• FX's answer→ Angelo, yes this new knife is really impressive, it just cuts through vegetables like through air. Unbelievable. Now I need to hone my skills to match the blade!

  • #45
  • Comment by Etruscan
Yeah, looks really awesome. I'd like to have a plate of that, too!

But please don't use the phrase "fit for a king" in every article.
  • FX's answer→ Fit for a prince then?

  • #47
  • Comment by Tosca
That looks so delicious! I sometimes make things as simple as this, but never really just tried this one. You wrote to Joyce that you do not think roquefort will work out, what kind of cheese should I use then? I probably can't get any beenleigh blue cheese.
  • FX's answer→ Tosca you can definitely use Roquefort, provided you like blue cheese. Joyce wondered wether her son might eat that, which makes me think Roquefort would be too strong for him to like, whereas a milder blue cheese would be more palatable - to him.

  • #49
  • Comment by Pia
Delicious Recipe! I love blue cheese and I will definitely try this recipe.
  • FX's answer→ Well I'm surprised and pleased to see the fine reception this little recipe received!

  • #51
  • Comment by magda
Very interesting; thank You! I tryed the recipe with Azores cheese from the island of So Jorge (queijo de So Jorge)with very good results. It's not seasy to find Beenleigh in Algarve.
  • FX's answer→ This sounds like an intriguing cheese!

  • #53
  • Comment by magda
 To a sucessfull melting it's necessary to cut So Jorge "cheese", that is not so soft, in small pieces.
  • FX's answer→ Or perhaps grate it?

  • #55
  • Comment by Siri Gottlieb
I've been making that same recipe for years, with fettucine and gorgonzola. I like to top mine with gently toasted walnuts. It's divine!
  • FX's answer→ Yes, walnuts or pears would go really well with this!

  • #57
  • Comment by Gail Francis
This looks so good My son-in-law from South Africa and I canadian are drooling over it.We will make it and can't wait to try it....
  • FX's answer→ Let me know how you fare with this!

  • #59
  • Comment by Espahan
This is my first time commenting here.  I love this site. Blue cheese, cream, pasta and chives, how sublime. I only wish I had read this before sitting down to a rather unsatisfactory supper of Hawaiian take-out when most of the ingrediants required for this recipe sat in my larder. Ah well, there is always tomorrow.
  • FX's answer→ Hawaiian take-out sounds very intriguing, did it include long-cooked pork? Or was it rather a pizza with pineapples (not so exciting I must admit!).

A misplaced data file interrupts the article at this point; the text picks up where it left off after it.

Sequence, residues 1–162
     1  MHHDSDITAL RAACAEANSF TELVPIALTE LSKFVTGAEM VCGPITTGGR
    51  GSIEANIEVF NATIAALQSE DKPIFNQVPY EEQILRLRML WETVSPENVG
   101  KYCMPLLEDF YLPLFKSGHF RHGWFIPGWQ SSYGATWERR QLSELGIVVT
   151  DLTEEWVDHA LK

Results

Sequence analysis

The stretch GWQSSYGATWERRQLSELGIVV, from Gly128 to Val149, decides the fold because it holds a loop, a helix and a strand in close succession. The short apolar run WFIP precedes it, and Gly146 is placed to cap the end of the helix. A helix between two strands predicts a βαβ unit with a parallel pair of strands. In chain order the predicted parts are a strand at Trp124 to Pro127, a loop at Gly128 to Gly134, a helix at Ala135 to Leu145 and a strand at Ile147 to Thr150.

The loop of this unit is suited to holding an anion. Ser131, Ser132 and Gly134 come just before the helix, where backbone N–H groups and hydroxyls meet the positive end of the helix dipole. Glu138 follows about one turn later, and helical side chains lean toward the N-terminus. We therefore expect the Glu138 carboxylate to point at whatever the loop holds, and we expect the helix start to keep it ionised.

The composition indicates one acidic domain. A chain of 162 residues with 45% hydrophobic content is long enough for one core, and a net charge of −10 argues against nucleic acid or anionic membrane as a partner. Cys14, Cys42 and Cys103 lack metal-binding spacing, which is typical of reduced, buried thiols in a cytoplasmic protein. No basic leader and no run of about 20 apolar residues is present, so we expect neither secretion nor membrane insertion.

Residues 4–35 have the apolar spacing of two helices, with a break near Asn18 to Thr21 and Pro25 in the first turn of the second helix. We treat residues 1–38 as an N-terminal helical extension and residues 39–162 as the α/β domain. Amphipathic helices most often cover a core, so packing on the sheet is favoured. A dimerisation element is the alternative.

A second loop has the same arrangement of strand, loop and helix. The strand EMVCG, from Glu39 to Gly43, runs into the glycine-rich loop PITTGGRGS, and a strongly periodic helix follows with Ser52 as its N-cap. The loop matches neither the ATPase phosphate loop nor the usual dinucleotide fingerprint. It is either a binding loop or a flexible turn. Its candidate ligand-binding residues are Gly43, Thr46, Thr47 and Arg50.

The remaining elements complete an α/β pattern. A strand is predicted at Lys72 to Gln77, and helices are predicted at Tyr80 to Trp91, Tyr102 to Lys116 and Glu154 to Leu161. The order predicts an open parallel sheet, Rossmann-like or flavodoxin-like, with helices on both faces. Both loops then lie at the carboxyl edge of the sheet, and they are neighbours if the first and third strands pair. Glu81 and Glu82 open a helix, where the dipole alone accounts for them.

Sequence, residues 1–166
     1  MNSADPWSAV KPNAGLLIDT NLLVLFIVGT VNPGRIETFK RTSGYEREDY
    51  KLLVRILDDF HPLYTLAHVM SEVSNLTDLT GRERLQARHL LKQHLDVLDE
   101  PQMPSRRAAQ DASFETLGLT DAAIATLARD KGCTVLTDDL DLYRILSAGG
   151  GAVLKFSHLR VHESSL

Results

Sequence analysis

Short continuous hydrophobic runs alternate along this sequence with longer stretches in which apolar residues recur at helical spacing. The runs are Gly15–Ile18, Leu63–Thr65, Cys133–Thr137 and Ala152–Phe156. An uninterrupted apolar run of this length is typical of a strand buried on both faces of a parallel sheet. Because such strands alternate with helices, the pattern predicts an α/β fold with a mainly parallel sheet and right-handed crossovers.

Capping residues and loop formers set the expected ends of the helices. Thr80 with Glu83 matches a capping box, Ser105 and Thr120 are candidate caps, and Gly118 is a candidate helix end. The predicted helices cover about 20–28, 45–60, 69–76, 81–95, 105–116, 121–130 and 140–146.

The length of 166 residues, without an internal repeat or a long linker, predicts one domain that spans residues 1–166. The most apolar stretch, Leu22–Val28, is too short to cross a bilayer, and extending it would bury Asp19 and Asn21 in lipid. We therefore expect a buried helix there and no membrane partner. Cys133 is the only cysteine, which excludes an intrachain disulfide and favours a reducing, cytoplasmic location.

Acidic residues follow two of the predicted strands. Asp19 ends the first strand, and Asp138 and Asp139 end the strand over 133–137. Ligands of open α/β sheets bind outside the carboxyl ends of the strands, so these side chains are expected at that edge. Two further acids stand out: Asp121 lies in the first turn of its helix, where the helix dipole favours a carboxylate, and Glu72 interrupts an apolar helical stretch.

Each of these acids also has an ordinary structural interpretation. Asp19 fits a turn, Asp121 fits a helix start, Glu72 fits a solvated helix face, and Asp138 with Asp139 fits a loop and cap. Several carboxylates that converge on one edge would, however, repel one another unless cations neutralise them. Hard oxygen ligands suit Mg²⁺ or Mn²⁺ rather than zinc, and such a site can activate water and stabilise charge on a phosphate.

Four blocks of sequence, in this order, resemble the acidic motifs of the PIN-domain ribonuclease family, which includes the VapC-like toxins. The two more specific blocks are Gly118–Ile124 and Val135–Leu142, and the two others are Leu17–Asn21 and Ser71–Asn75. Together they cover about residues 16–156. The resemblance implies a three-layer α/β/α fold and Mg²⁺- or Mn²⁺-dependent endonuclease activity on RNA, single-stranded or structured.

• #61
  • Comment by Ouroboros
Of all of the self-styled recipes that are in my head, half of them have to be 'Mac and Cheese' or some variant on the concept.  My daughter's first experience with it was the 'powdered cheese and ancient dehydrated noodles in a box off of the supermarket shelf' variety.  I decided to change that and make her the real thing.  This recipe was one of them, with a minor alteration or two.  Living in Wisconsin, fortunately, I have access to a local farm that produces blue cheese from unpasteurized milk (not for retail sale, of course) and fresh whole cream (amongst other dairy products).  After I was sure her stomach could handle it I made her this recipe with said ingredients.  I used cracked pepper on top instead of chives, though.  Good color contrast, those chives...I will give them a shot.  Try the sauce on mashed potatoes!  Good stuff.

Great job as always, FX.  Sometimes the simplest of dishes with the right ingredients are the best dishes.

  • FX's answer→ Well done Ouroboros, Wisconsin sounds like a good place for cheese lovers then!

  • #63
  • Comment by anm
Thnx a lot francois for the return to photo world ........
  • FX's answer→ Glad you like it!

  • #65
  • Comment by Kirsten
I love the green pop of the chives when I scroll down the article.  That knife does look wicked sharp.  Beautiful pictures, as always.
  • FX's answer→ Thanks, indeed the green brings this dish out of London fog!

  • #67
  • Comment by Catherine
Great article! Glad to see another foray into the photo world. While your videos are great, your photographs are true art!
  • FX's answer→ But Catherine I work every day to make my videos every bit as nice as the photos!

what type of knife is it that causes such a stir?
  • FX's answer→ Have a look at my article titled "Japanese Bladesmiths" from last month and ye shall see the light.

  • #71
  • Comment by Vikki
I made this last night with a mild blue. It was nice, but my substitution of milk for your cream was a bit of a poor choice as the sauce was too thin. While it did thicken a bit while cooling, the dish overall isn't quite as lovely with a chill. I served it with a salad of cilantro, mache, radiccho and apples, which stood well against, but didn't overpower the pasta. Oh, and lovely Argentinia white whose name escapes me completly but reminded me of a Gerwertztraminer/Sauvignon Blanc blend.  It was a charming meal, fit for a queen, and I think you for the inspiration.
  • FX's answer→ Glad it worked in the end!

This certainly is simple!  I'm absolutely captivated by the blue cheese ... it looks so creamy and rich.
  • FX's answer→ Hope you get to try this Allen!